We're not making money, and that's one reason we need to fix our system. We need to fix how much we're spending right now. [The Wild's] revenues are fine. We're down a little bit in attendance, but we're up in sponsorships, we're up in TV revenue. And so the revenue that we're generating is not the issue as much as our expenses. And [the Wild's] biggest expense by far is player salaries.
That's like saying we don't have an eating problem, we have an exercising problem. Not exactly, but I think you see where I'm going with this. The Wild's owner is saying that player salaries have to come down for the long-term success of the League, especially in smaller markets that don't have obsessive fans (read: Phoenix).

The Incident
On July 4 of this year, all hell broke loose. At least in New Jersey, Nashville, and the remaining 26 teams who pursued both Zach Parise and Ryan Suter aggressively. Every fan of the Wild who uses Twitter sat dumbfounded Wednesday morning, sending forth profound missives such as "I ... uh ... I ... holy shit" as the realization set in.

Chuck Fletcher was immediately hailed as the salesman of the century for luring two outstanding players away from the only rinks they've ever known. And Craig Leipold made abundantly clear he was making a statement. Something like: "Don't Mess with The Wild."

Uncle Moneybags wrote two checks totalling $20 million. Think about that. I won't make that in my lifetime, and he wrote checks of that amount as if it were an afterthought.

The Money Shot
Craig Leipold may have cried poor in April, but doesn't it make him a hypocrite to bemoan this lack of cash, and then lay out enough money to buy, I don't know, 40 Ferraris? Well, yes. And no.

For one thing, it may be true from a certain point of view that the League is hemorrhaging money and needs to restructure the CBA to ensure the continued health of the League.  Then again, someone was going to pay Parise and Suter ridiculous amounts of money. Might as well be the Wild, right?

That's kind of a weak argument, but I do think that a lot of the objection comes from the fans of teams who lost out on the Parise/Suter Sweepstakes. They have every right to question what happened, but as long as the current CBA is in place, teams will use whatever loophole they can find.

Also, let's look at the source. Leipold is Gary Bettman's buddy (or so I've heard). Leipold claiming to be in the poorhouse was surely a gambit that Bettman was playing. The Wild were probably the perfect team to do this with: out of the playoffs multiple years, midwest, smallish market. I'm sure if Bettman could go back in time, he'd have tried to get, say, the Predators' owner to get the narrative out there, or maybe the Blues' owner.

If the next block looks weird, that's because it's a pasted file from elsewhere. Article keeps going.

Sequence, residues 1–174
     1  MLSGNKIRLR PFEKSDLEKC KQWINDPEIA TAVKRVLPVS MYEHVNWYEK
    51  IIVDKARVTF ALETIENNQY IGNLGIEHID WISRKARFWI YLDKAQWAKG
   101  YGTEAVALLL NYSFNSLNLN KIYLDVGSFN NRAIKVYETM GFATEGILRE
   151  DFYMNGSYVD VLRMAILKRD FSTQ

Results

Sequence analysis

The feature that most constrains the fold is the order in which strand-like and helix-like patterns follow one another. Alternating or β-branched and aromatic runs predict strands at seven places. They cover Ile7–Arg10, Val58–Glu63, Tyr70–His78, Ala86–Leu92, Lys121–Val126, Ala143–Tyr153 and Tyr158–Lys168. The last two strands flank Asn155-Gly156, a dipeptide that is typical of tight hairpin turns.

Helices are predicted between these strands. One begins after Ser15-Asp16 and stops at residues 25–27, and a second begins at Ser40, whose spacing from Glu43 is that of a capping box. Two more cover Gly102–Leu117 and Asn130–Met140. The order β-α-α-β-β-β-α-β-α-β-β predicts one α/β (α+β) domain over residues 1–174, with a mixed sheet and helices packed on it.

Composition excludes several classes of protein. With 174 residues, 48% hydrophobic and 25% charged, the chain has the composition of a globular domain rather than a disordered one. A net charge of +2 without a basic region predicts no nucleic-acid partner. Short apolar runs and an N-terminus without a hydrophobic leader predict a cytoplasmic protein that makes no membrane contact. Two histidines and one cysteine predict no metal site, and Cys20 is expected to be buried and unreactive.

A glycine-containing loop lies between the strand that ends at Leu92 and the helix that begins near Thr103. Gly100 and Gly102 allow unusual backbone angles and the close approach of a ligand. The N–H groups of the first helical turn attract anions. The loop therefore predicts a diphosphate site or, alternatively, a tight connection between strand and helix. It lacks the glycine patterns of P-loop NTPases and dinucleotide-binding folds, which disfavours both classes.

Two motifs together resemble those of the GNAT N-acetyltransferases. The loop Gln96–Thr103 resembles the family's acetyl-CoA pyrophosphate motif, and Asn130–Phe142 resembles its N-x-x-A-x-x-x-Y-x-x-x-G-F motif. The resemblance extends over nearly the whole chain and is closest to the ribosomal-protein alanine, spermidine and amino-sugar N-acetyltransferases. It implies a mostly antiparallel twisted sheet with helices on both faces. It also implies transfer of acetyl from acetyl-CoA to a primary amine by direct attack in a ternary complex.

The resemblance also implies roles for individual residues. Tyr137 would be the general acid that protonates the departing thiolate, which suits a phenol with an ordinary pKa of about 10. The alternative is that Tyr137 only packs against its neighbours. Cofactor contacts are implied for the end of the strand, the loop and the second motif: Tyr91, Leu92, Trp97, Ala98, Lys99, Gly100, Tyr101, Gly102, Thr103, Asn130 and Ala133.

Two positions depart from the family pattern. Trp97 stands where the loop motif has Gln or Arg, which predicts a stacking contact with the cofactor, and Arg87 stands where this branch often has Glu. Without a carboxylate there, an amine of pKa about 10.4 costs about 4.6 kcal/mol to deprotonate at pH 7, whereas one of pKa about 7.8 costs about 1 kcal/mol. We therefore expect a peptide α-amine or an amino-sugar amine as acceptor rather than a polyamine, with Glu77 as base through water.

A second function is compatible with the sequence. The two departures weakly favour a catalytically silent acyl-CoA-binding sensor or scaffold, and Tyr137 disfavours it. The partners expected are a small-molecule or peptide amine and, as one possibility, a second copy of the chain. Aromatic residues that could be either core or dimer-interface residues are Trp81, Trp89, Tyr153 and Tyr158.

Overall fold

I think there's another key point here: Lou Lamoriello was crying foul of long-term contracts that gamed the system, then offered one to Ilya Kovalchuk. For which the League promptly swatted his backside. I think Lou knew exactly what he was doing and was willing to pay a price to make a point.  And the fact is that GMs and owners will do what they can under the rules in place. Don't like how some GMs and owners use the rules to their advantage? Then change the rules. But get player buy-in first.

Personally, I go back and forth on this one. I admit that I'm torn. On the one hand, I don't like it from a big-picture point of view. On the other, I love it as a fan of the Wild.

Whoa Nellie: Wild Not Contenders Yet

by NiNY

Some of you guys need to tap the breaks a little bit.

Is the Wild a better, more competitive team today than it was on July 3rd? Absolutely.

Should a return to the playoffs be a prediction for the 12-13 season (however and whenever it occurs)? Yes, I think that's more than fair.

Are they a Cup contender? Come on.

Now, that doesn't preclude them from being next season's LA Kings or New Jersey Devils because they could.

But it's July 6th; I'm just trying to be reasonable.

The glass half full (GHF) set will point to the 20-7-3 start last season and say that only injuries derailed what could easily have been a playoff berth. So net adding to that roster should put us over the top.

The glass half empty (GHE) people will note that the team was certainly playing over its head until the injuries came along and slapped us all upside the head with the cold, dead fish of reality.

I'm sort of in the middle. I don't think they were a 100 point team last year (as a 20-7-3 record would indicate over a whole season). But I do think they could have been a playoff team after the start they got out to. Afterall, they did set the dubious record of being the team that was #1 overall in the league the latest day in the season that went on to fail to make the playoffs.

But that's really academic.

Which is why applying a "contender" status to the Wild right now is so silly. We aren't even all the way through free agent season. Add in Luongo, Nash, Ryan...there is still the potential for significant redistribution of power across the league.

I like what Fletcher has done wherever he's done stuff to the line up so far. A lot.

And we had a (precious) couple building blocks already in place.

And if he can make a move for another 2nd pair-type defenseman that would be dandy.

But only one team wins the Cup. Which means several really good teams don't win it - sometimes including the 'best' teams.

I just don't think it's reasonable to think we can consider ourselves among the Flyers and Kings and Canucks and Rangers just yet.